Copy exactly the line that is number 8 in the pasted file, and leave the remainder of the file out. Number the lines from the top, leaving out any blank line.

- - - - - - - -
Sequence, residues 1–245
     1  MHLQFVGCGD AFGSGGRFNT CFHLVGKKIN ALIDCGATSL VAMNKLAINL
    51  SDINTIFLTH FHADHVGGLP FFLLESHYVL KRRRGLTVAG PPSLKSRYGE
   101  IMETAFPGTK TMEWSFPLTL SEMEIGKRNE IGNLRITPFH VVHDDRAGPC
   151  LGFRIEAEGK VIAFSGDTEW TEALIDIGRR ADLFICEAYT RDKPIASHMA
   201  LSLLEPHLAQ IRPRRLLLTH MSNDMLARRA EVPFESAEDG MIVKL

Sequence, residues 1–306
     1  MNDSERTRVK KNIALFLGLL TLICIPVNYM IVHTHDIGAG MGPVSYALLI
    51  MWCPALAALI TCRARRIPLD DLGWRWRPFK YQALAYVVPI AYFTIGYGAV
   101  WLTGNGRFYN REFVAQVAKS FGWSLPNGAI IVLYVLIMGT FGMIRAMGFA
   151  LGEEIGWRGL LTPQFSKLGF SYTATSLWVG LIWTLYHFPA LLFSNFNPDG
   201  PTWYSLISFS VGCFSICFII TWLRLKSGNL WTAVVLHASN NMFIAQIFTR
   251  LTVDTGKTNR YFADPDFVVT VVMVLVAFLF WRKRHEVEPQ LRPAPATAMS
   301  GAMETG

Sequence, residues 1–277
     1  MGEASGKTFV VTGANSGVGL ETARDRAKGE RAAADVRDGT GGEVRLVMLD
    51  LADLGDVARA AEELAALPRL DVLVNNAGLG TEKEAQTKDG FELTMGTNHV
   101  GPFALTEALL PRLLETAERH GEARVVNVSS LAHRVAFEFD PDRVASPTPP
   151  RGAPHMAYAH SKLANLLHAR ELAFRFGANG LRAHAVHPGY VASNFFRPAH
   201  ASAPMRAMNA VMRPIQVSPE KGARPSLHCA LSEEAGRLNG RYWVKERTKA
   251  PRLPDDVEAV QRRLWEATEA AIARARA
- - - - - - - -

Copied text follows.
     1  MNDSERTRVK KNIALFLGLL TLICIPVNYM IVHTHDIGAG MGPVSYALLI